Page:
In 1938, from a new wife, ballerina Judith Meltzer, Jacob had a daughter Galina Dzhugashvili… She was a philologist, studied literature in Algeria, married an Algerian and UN employee Hussein bin Saad.

Stalin's granddaughter Galina Dzhugashvili in 2003

Galina wrote a book of memoirs about her family "The Granddaughter of the Leader", and died in 2007. In 1971, her son Selim Bensaad was born. He still lives in Moscow in the apartment of his grandfather Yakov.

Stalin's great-grandson, Selim Bensaad

Vasily and his numerous offspring

In 1918, 40-year-old Stalin married the daughter of his revolutionary comrade-in-arms, 17-year-old Nadezhda Alliluyeva. They had a son in 1921 Vasily Stalin… He became a pilot and aviation general, an influential man.

Stalin's second wife Nadezhda Alliluyeva with their son Vasily, 1922

Unlike Yakov and his descendants, Vasily officially bore the surname Stalin. However, after the death of his father, his situation worsened - he was fired from the army, imprisoned, and later exiled to Kazan and banned from living in Moscow.He was even forced to change his name to Dzhugashvili. Vasily abused alcohol and, according to the official version, died from alcohol poisoning (his last wife doubted the veracity of the cause of death).

Stalin's son, Vasily (right)

Vasily had four children of his own, almost all of them bore the surname Stalin. Little is known about them - his granddaughter Anastasia from her daughter Nadezhda is still alive. In addition, Vasily adopted a daughter of a third wife and two daughters of a fourth wife - they all bore the name Dzhugashvili.

Image

The most famous of Vasily's children was his son Alexander Burdonsky (1941-2017), director and actor. He is the only one who changed his last name on purpose to pursue art and for many years served in Moscow theaters and taught. According to some sources, in his youth, he had a negative attitude towards his grandfather, but later "realized the scale of his personality."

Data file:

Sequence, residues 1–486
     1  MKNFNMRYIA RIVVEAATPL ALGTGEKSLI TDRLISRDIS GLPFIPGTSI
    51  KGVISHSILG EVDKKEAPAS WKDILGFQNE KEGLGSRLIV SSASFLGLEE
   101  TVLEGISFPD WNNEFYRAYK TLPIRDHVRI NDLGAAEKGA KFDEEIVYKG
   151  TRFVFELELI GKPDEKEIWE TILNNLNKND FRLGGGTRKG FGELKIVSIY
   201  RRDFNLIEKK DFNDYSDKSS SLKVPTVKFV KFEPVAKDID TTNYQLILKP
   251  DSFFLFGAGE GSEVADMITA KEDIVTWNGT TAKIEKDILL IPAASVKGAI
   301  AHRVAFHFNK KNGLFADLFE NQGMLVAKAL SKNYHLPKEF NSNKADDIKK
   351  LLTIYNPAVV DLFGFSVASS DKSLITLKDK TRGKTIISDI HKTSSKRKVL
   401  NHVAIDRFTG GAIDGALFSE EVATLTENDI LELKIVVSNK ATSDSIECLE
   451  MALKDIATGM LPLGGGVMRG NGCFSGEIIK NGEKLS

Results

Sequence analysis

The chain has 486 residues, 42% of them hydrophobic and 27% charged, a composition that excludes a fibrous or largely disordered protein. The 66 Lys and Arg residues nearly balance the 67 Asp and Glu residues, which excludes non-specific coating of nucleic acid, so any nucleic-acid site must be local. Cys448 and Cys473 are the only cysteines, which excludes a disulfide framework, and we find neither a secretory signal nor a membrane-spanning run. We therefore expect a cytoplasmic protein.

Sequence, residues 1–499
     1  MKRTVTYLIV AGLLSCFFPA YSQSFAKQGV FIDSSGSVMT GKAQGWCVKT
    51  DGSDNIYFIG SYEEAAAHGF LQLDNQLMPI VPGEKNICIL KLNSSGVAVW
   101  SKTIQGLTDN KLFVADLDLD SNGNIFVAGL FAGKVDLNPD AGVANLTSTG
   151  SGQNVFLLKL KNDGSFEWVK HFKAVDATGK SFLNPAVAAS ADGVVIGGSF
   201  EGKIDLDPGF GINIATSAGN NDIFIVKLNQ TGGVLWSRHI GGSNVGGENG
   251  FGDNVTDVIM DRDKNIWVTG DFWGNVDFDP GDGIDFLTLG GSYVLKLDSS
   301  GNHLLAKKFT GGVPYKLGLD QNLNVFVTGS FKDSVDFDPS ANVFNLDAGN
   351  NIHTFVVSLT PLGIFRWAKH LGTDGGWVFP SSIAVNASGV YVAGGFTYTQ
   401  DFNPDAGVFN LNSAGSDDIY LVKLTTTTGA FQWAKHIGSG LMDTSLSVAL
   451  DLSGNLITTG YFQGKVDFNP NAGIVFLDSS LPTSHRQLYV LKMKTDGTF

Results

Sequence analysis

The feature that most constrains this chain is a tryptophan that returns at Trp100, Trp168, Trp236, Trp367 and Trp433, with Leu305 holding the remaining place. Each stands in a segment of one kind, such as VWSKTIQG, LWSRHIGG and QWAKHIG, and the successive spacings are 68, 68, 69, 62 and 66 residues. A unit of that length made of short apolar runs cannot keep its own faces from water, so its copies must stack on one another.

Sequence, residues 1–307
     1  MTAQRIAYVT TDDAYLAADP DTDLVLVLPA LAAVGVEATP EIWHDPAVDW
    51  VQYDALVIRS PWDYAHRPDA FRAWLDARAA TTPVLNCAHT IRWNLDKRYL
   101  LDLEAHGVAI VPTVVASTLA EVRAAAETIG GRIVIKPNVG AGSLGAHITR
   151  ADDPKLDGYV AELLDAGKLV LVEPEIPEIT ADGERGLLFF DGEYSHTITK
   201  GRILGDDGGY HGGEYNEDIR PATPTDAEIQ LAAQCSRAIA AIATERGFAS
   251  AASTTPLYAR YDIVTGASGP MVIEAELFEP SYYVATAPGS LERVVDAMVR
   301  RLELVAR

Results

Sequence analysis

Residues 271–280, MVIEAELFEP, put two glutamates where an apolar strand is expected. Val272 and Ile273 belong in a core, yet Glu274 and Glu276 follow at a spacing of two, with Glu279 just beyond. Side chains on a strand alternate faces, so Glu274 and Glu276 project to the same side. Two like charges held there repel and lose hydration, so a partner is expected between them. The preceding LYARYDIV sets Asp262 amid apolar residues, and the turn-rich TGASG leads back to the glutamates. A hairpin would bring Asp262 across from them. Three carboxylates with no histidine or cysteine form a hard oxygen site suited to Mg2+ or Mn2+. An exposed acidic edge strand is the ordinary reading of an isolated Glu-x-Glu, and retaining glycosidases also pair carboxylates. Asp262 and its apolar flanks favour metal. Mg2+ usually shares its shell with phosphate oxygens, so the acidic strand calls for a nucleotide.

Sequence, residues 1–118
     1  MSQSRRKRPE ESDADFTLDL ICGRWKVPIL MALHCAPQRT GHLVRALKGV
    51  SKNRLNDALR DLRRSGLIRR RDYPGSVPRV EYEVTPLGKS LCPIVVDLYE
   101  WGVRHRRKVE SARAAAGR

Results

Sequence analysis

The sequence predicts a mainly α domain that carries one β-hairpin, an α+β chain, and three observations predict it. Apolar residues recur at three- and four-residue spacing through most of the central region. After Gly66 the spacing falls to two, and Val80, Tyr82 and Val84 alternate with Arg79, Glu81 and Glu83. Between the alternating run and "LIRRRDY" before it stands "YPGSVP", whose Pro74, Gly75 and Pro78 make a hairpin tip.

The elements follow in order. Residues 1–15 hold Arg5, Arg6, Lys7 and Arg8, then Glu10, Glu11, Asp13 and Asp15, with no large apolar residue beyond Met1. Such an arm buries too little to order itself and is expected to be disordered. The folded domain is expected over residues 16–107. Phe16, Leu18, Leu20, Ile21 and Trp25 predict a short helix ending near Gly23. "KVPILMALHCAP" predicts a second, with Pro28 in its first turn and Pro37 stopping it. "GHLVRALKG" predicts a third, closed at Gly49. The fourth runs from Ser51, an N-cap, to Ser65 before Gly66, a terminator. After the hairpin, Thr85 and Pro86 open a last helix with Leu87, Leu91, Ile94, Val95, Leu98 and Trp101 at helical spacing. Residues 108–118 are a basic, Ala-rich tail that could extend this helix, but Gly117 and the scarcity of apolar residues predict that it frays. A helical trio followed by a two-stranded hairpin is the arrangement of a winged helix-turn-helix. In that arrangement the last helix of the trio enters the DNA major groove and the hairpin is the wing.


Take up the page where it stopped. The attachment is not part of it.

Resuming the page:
Stage director of the Central Academic Theater of the Russian Army and Stalin's grandson, Alexander Burdonsky, 2013

However, he criticized the "fanatical" attitude towards the grandfather of his cousin Yevgeny Dzhugashvili (Yakov's son), who denies the crimes he had committed. He had no children.

Beloved daughter Svetlana, who fled to the West

Svetlana Alliluyeva, 1970

The second child from Nadezhda Alliluyeva was Svetlanawho took the mother's surname. She was born in 1926 and was only 6 years old when her mother committed suicide (read more here). In 1967, Svetlana actually fled the USSR and settled in the United States. Already in emigration, she wrote a book about her family "Twenty Letters to a Friend", which she dedicated to her mother, tried to recreate her personality and relationship with her husband from the recollections of friends. The book became a bestseller and brought her a lot of money, with which she was able to live in the United States until the end of her days.

Svetlana had several husbands. From her first early marriage, she had a son, Joseph Alliluyev (1945-2008), who became a cardiac surgeon. His son Ilya Voznesensky (b. 1970) is an architect.

From a marriage with Yuri Zhdanov, she had a daughter, Ekaterina (b. 1950). When her mother emigrated, she abandoned family ties and stopped communicating with her. Now she works as a volcanologist, lives in a village in Kamchatka, refuses to communicate with journalists and denies her involvement in Alliluyeva.

Stalin's grandchildren from Svetlana: Ekaterina Zhdanova and Joseph Alliluyev

In the United States, Alliluyeva married William Peters and gave birth to a daughter, Olga Peters (b. 1971), who later changed her name to Chris Evans.

Popular by topic